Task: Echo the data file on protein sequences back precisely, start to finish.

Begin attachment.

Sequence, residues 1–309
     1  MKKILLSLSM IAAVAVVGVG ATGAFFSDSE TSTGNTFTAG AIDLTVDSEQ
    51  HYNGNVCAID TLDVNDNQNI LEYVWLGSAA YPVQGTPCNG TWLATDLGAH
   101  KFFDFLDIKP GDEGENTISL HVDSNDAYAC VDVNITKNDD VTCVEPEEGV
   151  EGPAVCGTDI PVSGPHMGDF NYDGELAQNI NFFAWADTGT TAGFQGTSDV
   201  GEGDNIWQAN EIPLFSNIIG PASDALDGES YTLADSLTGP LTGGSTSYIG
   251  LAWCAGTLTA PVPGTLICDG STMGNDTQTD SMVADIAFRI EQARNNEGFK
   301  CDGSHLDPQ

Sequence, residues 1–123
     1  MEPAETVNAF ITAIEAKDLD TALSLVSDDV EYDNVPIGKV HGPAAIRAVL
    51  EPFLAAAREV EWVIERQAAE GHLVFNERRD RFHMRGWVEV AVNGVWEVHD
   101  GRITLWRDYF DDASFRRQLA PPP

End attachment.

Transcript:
Sequence, residues 1–309
     1  MKKILLSLSM IAAVAVVGVG ATGAFFSDSE TSTGNTFTAG AIDLTVDSEQ
    51  HYNGNVCAID TLDVNDNQNI LEYVWLGSAA YPVQGTPCNG TWLATDLGAH
   101  KFFDFLDIKP GDEGENTISL HVDSNDAYAC VDVNITKNDD VTCVEPEEGV
   151  EGPAVCGTDI PVSGPHMGDF NYDGELAQNI NFFAWADTGT TAGFQGTSDV
   201  GEGDNIWQAN EIPLFSNIIG PASDALDGES YTLADSLTGP LTGGSTSYIG
   251  LAWCAGTLTA PVPGTLICDG STMGNDTQTD SMVADIAFRI EQARNNEGFK
   301  CDGSHLDPQ

Sequence, residues 1–123
     1  MEPAETVNAF ITAIEAKDLD TALSLVSDDV EYDNVPIGKV HGPAAIRAVL
    51  EPFLAAAREV EWVIERQAAE GHLVFNERRD RFHMRGWVEV AVNGVWEVHD
   101  GRITLWRDYF DDASFRRQLA PPP